Scooters were once used only as children’s toys, but the electric versions, powered by compact lithium-ion batteries have become the latest adult solution to urban congestion.
The popularity of e-scooters is however understandable.
- They are easy and fun to ride, easy to handle, convenient and potentially cheap.
- They produce no emissions and constitute a minimal carbon footprint.
- They can reduce private auto and taxi use helping ease congestion and pollution.
However, with their growing popularity, critics have also criticized e-scooters especially for their safety issues; many see it as risky to both riders and pedestrians.
In some cities, local municipalities have imposed strict, though inconsistent, regulations on speed limits, parking, nighttime riding and helmet use. Some cities have ruled it illegal to ride scooters on sidewalks, while others have banned their use on city streets. In some cities, angry locals have protested the influx of abandoned scooters by putting them in dumpsters, setting them on fire, and smearing them with dog poop.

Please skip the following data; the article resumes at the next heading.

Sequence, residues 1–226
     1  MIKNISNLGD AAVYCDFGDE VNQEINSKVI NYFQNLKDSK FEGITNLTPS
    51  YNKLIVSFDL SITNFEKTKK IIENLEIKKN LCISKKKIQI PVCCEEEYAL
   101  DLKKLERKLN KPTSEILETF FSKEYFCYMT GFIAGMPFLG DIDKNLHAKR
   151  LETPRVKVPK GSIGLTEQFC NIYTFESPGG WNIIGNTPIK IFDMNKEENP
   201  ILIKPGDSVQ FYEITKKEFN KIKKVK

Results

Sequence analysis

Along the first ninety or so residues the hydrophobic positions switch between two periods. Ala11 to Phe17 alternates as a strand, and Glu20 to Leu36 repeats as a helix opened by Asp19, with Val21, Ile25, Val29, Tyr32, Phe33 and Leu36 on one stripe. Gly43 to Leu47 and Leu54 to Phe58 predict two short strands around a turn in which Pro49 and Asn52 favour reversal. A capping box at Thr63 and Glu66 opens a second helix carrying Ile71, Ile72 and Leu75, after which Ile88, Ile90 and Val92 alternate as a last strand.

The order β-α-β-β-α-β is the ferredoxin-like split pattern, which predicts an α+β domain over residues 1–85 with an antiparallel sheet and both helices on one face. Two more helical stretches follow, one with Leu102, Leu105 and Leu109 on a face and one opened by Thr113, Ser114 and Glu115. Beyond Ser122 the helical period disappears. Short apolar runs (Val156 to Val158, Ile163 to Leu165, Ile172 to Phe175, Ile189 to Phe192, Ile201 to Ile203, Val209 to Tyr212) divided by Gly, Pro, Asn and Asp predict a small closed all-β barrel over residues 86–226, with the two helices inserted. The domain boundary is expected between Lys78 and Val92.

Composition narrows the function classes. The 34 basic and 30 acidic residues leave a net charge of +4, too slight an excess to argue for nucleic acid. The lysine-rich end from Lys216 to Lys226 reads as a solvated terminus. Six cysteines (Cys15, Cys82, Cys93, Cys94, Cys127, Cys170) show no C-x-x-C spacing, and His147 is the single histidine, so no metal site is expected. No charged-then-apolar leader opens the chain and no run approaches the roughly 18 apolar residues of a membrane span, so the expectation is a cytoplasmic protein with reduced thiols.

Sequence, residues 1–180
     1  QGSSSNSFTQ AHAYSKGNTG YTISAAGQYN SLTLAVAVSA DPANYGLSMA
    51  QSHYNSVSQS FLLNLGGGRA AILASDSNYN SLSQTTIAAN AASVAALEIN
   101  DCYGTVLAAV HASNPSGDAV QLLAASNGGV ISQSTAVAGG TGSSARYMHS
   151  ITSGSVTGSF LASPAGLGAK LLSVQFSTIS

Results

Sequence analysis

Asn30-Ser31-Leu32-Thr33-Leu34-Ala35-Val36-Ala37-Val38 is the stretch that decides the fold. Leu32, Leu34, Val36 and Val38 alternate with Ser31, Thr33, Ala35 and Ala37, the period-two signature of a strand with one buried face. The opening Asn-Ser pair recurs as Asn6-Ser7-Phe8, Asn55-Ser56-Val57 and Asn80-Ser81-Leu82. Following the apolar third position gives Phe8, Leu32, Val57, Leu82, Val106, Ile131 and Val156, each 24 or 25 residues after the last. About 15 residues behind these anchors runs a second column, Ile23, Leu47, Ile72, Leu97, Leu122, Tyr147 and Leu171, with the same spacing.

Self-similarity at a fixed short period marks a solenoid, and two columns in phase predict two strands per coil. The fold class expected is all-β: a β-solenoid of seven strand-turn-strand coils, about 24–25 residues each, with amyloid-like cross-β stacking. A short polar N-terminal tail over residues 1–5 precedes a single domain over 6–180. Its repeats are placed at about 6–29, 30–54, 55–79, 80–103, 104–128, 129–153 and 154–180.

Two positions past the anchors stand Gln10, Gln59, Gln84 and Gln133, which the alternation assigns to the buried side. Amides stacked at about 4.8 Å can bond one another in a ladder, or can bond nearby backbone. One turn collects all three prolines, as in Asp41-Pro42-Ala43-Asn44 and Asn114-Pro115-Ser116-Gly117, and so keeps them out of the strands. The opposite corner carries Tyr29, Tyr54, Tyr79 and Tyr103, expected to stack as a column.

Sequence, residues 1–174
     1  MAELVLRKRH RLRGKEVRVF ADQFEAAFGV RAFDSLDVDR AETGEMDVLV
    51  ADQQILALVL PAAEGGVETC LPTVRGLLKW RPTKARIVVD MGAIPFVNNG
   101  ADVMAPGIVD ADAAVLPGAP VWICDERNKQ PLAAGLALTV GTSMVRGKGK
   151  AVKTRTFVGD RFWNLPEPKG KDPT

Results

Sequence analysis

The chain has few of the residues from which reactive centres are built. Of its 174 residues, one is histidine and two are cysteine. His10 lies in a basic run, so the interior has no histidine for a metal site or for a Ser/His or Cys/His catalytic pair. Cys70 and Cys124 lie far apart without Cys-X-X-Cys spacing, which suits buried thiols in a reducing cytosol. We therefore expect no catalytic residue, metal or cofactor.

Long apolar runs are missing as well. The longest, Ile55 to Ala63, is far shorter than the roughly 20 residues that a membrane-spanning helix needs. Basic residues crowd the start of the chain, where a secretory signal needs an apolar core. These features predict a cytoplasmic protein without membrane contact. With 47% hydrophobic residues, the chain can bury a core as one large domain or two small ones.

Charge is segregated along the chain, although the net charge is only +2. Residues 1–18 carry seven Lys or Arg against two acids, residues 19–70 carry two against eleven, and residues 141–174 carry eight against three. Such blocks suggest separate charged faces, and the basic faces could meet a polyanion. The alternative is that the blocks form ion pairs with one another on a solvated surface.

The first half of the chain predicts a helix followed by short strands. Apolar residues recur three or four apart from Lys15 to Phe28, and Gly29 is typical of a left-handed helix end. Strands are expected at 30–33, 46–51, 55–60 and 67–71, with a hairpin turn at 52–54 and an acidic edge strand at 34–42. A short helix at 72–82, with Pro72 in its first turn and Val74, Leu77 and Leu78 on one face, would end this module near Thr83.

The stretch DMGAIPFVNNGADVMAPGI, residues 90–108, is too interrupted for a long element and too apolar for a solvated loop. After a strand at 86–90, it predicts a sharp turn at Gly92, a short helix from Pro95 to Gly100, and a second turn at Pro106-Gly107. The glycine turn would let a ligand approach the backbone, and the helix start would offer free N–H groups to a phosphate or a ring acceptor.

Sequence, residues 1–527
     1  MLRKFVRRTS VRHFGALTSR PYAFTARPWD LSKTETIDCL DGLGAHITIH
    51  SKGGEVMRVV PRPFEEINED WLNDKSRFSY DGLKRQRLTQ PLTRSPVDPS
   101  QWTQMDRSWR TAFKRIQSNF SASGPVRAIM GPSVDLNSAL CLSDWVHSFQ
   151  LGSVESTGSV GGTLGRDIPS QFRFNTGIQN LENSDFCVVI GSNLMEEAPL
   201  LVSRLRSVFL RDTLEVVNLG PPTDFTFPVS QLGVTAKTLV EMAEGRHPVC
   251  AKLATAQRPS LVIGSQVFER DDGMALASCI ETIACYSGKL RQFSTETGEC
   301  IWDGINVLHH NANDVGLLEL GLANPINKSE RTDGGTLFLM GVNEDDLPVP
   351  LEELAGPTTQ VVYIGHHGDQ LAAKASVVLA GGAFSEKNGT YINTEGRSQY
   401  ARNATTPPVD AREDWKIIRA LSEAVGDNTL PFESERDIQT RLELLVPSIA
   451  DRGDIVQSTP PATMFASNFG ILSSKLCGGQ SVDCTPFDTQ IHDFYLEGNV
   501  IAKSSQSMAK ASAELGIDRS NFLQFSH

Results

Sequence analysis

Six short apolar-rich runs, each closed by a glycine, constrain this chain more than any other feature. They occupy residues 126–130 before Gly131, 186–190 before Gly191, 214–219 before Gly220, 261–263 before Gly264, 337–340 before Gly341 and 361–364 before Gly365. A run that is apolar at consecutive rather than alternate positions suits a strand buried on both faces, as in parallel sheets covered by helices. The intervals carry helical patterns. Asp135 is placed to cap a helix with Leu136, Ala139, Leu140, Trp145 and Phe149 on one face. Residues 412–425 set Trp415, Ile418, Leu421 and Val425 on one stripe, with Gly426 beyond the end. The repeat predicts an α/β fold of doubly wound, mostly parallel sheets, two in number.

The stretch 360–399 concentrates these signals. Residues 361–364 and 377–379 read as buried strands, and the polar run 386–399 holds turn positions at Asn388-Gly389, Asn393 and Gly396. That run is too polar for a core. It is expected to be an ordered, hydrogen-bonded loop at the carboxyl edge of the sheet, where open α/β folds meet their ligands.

Rider safety is a universal concern, as experts point to a surge of serious accidents since e-scooters were introduced. Because these are fun and easy to ride, they promote a false sense of security say experts.
The scooters small wheels are not built for rough pavement and potholes and can lead to riders losing control.
Lot of parents fit these scooters with a special attachment (another set of handle grips at the kid’s height or a kid’s chair) that allows them to take a child on the ride with them.
However, it may not be a smart parenting choice as adding more weight on these interferes with the balance of the scooter. Besides, these can travel at speeds of around 20 mph, which is definitely not very slow. In case of an accident, the person placed on the handles of your bike will be sent flying to the ground.
Scooters are essentially made only for one rider. Scooter company Razor says even those scooters which are marketed for more than one rider are best used solo. Just because there is room to fit a kid on your e-scooter, doesn’t mean that you should, even if you make the kid wear helmet.
If you want your kids to enjoy these ride-on scooters, get them the kiddie or toddler version and you can ride the adult version alongside. Just make sure you invest in safety gear both for the child and yourself. Consider buying helmet, knee and elbow pads for your child, and appropriate shoe-wear (laced up, no exposed toes).